Michael & Scott's intrusive lock-free queue. More...
 
struct  node_traits
 Container's node traits. More...
 
class  OptimisticQueue
 Optimistic intruive lock-free queue. More...
 
class  SegmentedQueue
 Segmented queue. More...
 
class  SkipListSet
 Lock-free skip-list set. More...
 
class  SkipListSet< cds::gc::nogc, T, Traits >
 Lock-free skip-list set (template specialization for gc::nogc) More...
 
class  SkipListSet< cds::urcu::gc< RCU >, T, Traits >
 Lock-free skip-list set (template specialization for RCU) More...
 
class  SplitListSet
 Split-ordered list. More...
 
class  SplitListSet< cds::gc::nogc, OrderedList, Traits >
 Split-ordered list (template specialization for gc::nogc) More...
 
class  SplitListSet< cds::urcu::gc< RCU >, OrderedList, Traits >
 Split-ordered list RCU specialization. More...
 
class  StripedSet
 Striped hash set. More...
 
class  TaggedFreeList
 Lock-free free list based on tagged pointers (required double-width CAS) More...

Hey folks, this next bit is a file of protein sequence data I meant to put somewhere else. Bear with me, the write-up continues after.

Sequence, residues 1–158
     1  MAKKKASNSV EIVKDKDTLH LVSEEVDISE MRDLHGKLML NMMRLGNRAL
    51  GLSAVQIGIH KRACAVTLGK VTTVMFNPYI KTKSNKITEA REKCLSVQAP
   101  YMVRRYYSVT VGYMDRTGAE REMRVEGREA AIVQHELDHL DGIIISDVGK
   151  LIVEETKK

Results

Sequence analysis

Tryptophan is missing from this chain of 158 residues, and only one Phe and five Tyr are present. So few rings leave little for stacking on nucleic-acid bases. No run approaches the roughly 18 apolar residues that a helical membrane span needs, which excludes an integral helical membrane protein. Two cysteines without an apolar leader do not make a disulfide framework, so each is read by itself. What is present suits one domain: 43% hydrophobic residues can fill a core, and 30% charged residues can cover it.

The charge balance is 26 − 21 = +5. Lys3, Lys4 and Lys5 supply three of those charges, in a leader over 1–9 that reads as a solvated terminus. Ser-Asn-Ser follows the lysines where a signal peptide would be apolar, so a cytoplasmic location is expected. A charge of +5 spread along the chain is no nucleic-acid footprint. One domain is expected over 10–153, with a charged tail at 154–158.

class  TreiberStack
 Treiber intrusive stack. More...
 
class  VyukovMPMCCycleQueue
 Vyukov's MPMC bounded queue. More...
 

Detailed Description

Intrusive containers.

The namespace cds::intrusive contains intrusive lock-free containers. The idea comes from boost::intrusive library, see http://boost.org/doc/ as a good introduction to intrusive approach. The intrusive containers of libcds library is developed as close to boost::intrusive

In terms of lock-free approach, the main advantage of intrusive containers is that no memory allocation is performed to maintain container items. However, additional requirements are imposed for types and values that can be stored in intrusive container. See the container documentation for details.